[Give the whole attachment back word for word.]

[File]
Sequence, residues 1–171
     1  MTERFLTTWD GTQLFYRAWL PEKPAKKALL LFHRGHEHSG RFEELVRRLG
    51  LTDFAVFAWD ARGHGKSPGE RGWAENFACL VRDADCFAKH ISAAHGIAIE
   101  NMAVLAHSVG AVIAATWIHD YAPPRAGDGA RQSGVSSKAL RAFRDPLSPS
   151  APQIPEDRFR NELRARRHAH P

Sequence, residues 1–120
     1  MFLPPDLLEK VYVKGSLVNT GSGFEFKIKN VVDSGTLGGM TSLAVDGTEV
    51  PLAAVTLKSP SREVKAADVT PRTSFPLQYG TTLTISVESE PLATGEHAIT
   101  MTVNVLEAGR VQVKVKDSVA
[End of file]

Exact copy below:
Sequence, residues 1–171
     1  MTERFLTTWD GTQLFYRAWL PEKPAKKALL LFHRGHEHSG RFEELVRRLG
    51  LTDFAVFAWD ARGHGKSPGE RGWAENFACL VRDADCFAKH ISAAHGIAIE
   101  NMAVLAHSVG AVIAATWIHD YAPPRAGDGA RQSGVSSKAL RAFRDPLSPS
   151  APQIPEDRFR NELRARRHAH P

Sequence, residues 1–120
     1  MFLPPDLLEK VYVKGSLVNT GSGFEFKIKN VVDSGTLGGM TSLAVDGTEV
    51  PLAAVTLKSP SREVKAADVT PRTSFPLQYG TTLTISVESE PLATGEHAIT
   101  MTVNVLEAGR VQVKVKDSVA